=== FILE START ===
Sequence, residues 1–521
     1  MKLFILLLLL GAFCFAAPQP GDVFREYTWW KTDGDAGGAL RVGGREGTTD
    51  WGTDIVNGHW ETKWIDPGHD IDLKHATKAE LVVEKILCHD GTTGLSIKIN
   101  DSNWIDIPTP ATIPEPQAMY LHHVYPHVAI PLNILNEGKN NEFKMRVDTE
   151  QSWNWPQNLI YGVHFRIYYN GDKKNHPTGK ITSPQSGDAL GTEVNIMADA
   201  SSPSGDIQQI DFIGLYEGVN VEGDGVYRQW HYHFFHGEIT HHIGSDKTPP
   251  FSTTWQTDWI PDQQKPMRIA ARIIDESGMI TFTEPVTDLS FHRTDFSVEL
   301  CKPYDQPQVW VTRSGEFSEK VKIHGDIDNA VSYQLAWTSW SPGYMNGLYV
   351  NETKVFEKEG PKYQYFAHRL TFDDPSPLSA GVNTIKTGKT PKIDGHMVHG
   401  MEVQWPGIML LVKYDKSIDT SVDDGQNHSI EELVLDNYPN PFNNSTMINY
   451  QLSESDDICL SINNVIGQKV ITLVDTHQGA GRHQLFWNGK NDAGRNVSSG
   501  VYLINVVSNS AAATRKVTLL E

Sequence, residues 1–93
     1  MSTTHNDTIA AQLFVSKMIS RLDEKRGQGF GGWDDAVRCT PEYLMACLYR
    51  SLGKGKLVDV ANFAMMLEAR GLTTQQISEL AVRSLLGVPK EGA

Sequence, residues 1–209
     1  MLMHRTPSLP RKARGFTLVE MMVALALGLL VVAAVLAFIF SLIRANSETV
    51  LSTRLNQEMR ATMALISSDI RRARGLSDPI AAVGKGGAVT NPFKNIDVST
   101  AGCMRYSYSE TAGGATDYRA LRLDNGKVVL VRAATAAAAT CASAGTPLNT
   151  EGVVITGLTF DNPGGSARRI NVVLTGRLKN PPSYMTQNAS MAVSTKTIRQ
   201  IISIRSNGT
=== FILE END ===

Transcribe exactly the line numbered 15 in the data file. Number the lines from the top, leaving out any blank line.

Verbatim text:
    51  SLGKGKLVDV ANFAMMLEAR GLTTQQISEL AVRSLLGVPK EGA